While I am personally not a huge fan, social media can be a good thing. It’s good for connecting with old friends, sharing pics of the kids with family separated by distance, and for both networking and entertainment purposes. And while it very well may have its strong points when it comes to information sharing, social media trends and fads are often viewed as gospel, to the point of being used in investing strategies. My intention in this series is to discuss why this is not a good idea.
Let me start by giving you a recent, practical example of what I’m talking about, unrelated to investing.
How about Neon Deion, also known as Coach Prime, and his Colorado Buffaloes football program?
Deion Sanders was one of the greatest cornerbacks and punt returners in football. That’s not hyperbole. It’s a fact. He turned his football prowess and flamboyant personality into a multi-million-dollar marketing empire, becoming a household name and using his brand in a coaching career that has landed him a coaching gig for a University of Colorado football program that had gone from powerhouse to doormat in just two decades. The team won just one game last year and lost all the others by an average of four touchdowns.
Enter Coach Prime and load up the Buffaloes hype train. In less than six months, he has gutted the program down to the studs, giving the pink slip to over 80% of his original roster. Critics said what he was doing was suicidal and that he would fail miserably. But Deion is a master showman and social media genius, and he immediately began sucking all the offseason air out of Athens, Tuscaloosa, Ann Arbor, and Columbus smack dab into Boulder, Colorado.
Coach Sanders brought vision and discipline to a floundering program. He brought life to a team on life support and hoped that Colorado could return to their glory days of the 70’s and 80’s.
The Buffs sold out their spring game. With an impressive win over a sleepwalking Texas Christian team in brutal heat, Deion and the Buffaloes are playing to larger audiences than Alabama-Texas or Tennessee-Florida. Every gameday podcast and college football article leads with Colorado. Fans and non-fans just can’t get enough. And now the notorious basement dweller has suddenly become the hottest ticket in football. 50-yard line seats for the Nebraska game were around $4,000 before kickoff. Deion’s original ditty, “We comin’,” has quickly turned to “We here.”
It’s Buffalo mania everywhere. And social media is giving it all they have to hype them into the stratosphere. Even Deion himself is getting in on the action. Three weeks into the season, he launched his very own line of sunglasses that brought in almost $2 million in one day.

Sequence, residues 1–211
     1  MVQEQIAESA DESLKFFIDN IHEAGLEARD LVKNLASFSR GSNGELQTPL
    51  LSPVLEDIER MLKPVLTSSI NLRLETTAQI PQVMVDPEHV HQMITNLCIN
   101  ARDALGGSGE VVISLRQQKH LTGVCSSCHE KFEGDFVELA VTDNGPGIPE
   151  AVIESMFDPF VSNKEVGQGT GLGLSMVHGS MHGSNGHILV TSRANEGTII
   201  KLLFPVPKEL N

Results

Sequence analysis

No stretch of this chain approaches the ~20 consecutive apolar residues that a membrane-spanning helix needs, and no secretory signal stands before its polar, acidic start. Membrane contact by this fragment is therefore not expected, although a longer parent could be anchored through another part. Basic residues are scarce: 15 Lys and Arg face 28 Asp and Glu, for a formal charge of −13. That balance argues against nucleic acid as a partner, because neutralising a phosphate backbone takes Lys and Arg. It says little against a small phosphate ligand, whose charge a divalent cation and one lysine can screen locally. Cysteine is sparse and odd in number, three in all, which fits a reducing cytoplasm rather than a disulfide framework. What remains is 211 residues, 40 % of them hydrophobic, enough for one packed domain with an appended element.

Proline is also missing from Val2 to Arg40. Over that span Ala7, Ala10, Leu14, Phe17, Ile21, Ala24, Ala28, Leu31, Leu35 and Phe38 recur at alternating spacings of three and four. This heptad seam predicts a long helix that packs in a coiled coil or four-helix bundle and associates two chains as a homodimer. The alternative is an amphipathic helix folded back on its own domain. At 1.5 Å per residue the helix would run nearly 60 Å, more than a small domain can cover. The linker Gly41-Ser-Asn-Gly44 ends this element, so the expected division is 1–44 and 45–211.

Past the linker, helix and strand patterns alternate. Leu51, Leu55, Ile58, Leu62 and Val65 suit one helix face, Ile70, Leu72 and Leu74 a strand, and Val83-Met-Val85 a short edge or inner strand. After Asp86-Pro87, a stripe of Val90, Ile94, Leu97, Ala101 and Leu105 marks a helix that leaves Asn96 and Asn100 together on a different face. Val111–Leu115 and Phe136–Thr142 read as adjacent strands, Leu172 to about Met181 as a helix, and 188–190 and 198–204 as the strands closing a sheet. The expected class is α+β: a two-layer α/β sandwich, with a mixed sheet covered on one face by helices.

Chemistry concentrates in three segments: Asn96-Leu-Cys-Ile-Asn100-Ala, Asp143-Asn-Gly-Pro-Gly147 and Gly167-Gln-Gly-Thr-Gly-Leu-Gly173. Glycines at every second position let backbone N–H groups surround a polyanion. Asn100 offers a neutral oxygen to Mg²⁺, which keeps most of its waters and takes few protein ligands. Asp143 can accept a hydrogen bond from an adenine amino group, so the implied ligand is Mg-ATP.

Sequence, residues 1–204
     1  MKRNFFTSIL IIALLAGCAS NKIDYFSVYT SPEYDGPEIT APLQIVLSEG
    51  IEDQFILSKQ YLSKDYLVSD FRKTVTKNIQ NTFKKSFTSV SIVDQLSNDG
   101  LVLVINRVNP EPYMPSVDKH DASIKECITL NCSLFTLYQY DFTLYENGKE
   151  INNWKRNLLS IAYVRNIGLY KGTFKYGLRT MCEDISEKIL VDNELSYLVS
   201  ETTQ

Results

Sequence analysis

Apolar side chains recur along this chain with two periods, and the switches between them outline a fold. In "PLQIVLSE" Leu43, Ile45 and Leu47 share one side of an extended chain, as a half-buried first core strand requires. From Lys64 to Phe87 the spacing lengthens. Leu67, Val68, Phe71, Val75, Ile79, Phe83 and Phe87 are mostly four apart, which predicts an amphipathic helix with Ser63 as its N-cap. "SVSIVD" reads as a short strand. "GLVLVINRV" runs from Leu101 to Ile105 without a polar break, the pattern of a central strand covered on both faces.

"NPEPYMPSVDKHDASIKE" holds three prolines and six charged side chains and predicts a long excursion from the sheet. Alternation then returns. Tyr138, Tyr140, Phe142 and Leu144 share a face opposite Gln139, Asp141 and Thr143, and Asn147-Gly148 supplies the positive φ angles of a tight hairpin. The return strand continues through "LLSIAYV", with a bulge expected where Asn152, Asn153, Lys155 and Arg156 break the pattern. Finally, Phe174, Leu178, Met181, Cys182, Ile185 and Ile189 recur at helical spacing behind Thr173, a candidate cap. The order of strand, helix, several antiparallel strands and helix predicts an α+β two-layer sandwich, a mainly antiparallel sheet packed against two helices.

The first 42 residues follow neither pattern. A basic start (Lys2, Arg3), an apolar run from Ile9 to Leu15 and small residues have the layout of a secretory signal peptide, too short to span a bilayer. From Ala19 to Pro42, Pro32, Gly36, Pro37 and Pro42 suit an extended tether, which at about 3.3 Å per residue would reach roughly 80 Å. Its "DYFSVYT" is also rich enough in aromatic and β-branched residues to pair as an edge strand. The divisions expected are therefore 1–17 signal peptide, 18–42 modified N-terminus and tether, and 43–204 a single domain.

Folks, this is craziness. People are going nuts over Colorado, and it can’t last. The mania that this team is a BCS playoff contender or that he is going to bring the PAC 12 to its’ knees this year is hyper-hype, and a clear head and common sense say to fade that dream.
I’ve seen this movie before, many times. Human nature makes us want to jump onboard mania trains, and this is no different. I predict the Colorado Buffalo social media inferno will be a quick burn, and if I bet on sports, I would be taking the under on this phenomenon.
This one’s pretty easy. Despite all the flash and euphoria surrounding the Buffs, several overriding facts about this team are circling high above Folsom Field and will descend like vultures to dine on Ralphie’s carcass before the 2023 season is over:
I could go on, but you get the point. So despite all the hysteria and lunacy surrounding the Colorado football program, make no mistake, sometime in the next couple of months, good old Ralphie will be back out to pasture. The Colorado season and all the silly mania surrounding it will end, and social media trends will quickly move on to chase the next grand illusion it can obsess into oblivion.
So, if I were a betting man, I would bet that the Buffaloes don’t win more than eight games this year and that they end the season outside the Top 25. Let’s see how I do.
So, can you profit from social media mania in your investments? Here’s the bottom line: the amount of hype surrounding a topic or trend does not substantiate the investment. The very definition of hyping something is to “promote or publicize intensively, often exaggerating its importance or benefits.”
Over the next couple of articles, I will provide some more good examples of how social media can make the wrong investments look good, and vice versa. If you’re looking for a game plan with an analytical investment strategy, schedule a meeting with a Good Life Asset Strategies advisor.
The views expressed represent the opinion of Good Life Asset Strategies, LLC. The views are subject to change and are not intended as a forecast or guarantee of future results. This material is for informational purposes only. It does not constitute investment advice and is not intended as an endorsement of any specific investment. Stated information is derived from proprietary and nonproprietary sources that have not been independently verified for accuracy or completeness.
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